Maryland's state public employee pension funds are $33 billion in the red, according to this article. Maryland's population, meanwhile is 5.7 million people, or about 1.5 million households. Assume conservatively that about half of those households pay no income tax. That means there are about 750,000 Maryland households that owe $33 billion, or about $45,000 in debt per household. To pay for someone else's retirement!
But it's actually worse than that. You can go find Maryland's retirement system's annual report for 2009 online here. It shows that they use a 7.75% investment return assumption in valuing the system's liabilities. That means that they believe that future benefit payments will be paid for by their assets growing at an average of 7.75% a year long-term. Does anyone really think nowadays that the worldwide economy is going to generate a 7.75% rate of return going forward given its current problems? If Maryland valued its liabilities using an expected rate of return of a typical bond portfolio -- say, 4.5% or 5% -- that $33 billion in unfunded liabilities might be something closer to $50 billion.
And, of course, the debt for future retirement benefits to state employees doesn't take into account the unfunded liablities of city employees, county employees, town employees, etc.
And (of course, again!) none of this takes into account the unfunded liablities we all owe for federal government employees' pensions.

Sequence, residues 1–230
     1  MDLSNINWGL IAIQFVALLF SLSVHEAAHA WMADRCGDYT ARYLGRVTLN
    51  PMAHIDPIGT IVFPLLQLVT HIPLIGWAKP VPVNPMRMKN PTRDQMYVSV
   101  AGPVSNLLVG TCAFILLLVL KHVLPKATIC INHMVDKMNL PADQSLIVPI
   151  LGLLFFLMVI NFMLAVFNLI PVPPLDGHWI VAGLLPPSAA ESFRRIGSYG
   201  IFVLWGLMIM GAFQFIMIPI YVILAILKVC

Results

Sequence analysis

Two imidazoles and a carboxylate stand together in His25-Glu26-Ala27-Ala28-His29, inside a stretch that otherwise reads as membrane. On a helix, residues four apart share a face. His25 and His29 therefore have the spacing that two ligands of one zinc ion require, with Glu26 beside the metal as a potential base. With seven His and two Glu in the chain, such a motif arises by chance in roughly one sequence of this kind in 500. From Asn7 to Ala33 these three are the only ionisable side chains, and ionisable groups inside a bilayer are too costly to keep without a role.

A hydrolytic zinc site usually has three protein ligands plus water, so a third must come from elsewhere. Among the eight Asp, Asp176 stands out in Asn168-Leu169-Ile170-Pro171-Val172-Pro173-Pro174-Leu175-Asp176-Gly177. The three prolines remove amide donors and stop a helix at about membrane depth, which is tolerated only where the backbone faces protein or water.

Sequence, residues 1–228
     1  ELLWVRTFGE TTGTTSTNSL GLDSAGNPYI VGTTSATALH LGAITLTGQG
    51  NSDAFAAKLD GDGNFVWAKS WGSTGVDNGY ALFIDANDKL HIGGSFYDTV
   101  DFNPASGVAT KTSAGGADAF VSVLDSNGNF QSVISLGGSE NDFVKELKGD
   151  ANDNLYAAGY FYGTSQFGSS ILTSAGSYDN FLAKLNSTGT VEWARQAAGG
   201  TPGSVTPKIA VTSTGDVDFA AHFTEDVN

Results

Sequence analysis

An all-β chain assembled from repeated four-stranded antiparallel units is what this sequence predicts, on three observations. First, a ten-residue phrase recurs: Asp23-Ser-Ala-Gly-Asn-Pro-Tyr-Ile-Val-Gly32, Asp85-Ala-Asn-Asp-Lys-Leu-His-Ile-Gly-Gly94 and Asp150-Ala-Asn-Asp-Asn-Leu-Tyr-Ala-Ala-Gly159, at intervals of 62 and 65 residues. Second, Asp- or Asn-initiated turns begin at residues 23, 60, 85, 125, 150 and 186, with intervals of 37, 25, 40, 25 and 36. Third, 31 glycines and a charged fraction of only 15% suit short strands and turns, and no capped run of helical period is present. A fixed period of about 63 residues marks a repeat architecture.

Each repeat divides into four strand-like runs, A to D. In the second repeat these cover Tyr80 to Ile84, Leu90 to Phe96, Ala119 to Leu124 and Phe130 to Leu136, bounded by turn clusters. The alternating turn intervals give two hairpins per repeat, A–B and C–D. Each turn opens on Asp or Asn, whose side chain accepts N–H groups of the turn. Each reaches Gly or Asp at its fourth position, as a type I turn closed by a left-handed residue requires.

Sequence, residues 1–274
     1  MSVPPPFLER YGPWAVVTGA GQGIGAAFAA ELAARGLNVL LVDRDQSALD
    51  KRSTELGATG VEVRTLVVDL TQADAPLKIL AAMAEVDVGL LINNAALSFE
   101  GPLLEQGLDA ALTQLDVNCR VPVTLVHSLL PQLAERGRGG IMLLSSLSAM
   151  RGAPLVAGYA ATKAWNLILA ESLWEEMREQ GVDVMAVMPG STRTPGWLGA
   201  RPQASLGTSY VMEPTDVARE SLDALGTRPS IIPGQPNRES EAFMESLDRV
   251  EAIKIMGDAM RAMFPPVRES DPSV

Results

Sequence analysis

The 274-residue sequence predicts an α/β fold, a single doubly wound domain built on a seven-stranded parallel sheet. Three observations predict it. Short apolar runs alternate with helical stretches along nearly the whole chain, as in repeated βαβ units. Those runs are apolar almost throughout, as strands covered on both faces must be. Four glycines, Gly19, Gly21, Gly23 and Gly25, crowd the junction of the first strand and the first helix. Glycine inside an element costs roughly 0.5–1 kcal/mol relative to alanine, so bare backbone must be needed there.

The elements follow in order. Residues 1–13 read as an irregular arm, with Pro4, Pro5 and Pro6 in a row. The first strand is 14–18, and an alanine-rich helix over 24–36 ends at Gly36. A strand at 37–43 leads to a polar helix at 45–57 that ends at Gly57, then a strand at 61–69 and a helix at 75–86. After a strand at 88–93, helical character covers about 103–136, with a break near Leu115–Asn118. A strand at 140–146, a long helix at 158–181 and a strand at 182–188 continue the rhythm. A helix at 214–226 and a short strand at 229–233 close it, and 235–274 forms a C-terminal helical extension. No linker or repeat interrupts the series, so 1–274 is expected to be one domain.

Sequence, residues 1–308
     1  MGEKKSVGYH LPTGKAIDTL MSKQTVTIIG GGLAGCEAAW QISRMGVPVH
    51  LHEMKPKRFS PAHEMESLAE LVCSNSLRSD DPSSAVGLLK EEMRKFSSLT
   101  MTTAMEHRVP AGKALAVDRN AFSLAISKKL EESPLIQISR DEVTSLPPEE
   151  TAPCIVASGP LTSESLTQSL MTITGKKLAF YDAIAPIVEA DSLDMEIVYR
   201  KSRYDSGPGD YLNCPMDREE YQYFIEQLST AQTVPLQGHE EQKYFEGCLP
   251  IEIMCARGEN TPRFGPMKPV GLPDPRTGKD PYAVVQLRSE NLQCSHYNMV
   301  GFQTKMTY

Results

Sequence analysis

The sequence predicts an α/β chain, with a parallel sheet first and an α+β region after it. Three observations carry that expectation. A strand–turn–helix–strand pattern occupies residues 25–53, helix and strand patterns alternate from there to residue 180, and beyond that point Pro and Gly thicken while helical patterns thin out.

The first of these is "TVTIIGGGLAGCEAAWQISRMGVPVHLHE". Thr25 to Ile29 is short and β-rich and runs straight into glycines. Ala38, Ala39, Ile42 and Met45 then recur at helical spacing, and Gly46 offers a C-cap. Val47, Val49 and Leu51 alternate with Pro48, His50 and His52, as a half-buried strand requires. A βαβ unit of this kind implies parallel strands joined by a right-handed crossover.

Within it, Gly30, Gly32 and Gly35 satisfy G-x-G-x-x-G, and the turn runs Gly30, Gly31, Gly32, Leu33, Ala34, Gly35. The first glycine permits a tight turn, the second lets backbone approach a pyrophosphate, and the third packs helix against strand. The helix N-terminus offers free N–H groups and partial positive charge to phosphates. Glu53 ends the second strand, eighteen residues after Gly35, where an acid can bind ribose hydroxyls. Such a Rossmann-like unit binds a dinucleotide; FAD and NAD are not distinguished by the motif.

What do you get when one neighbor finally realizes that they are in debt for hundreds of thousands of dollars to be able to pay for the retirement of their next-door neighbor simply because the next-door neighbor worked for something called "government"? What do you get when the first neighbor realizes that he is going to have to work to 70 or 72 or beyond because he can't afford his own retirement, but his next-door neighbor -- who got more time off while he was working -- is retiring at age 58 or 60 with full benefits? What do you get when people who have saved religiously in their 401k plans are told that they are now rich and have to be taxed punitively to pay defined benefits (that, we are told, can never be reduced) to their neighbors who worked for governments?
What do you get when Man A who worked in private industry is going off to work and struggling to make ends meet while Man B who worked for government is heading off to his lake house secure in the faith that his retirement benefits can never be reduced one plug nickel, much less taken away, no matter what?
Armageddon, that's what you get.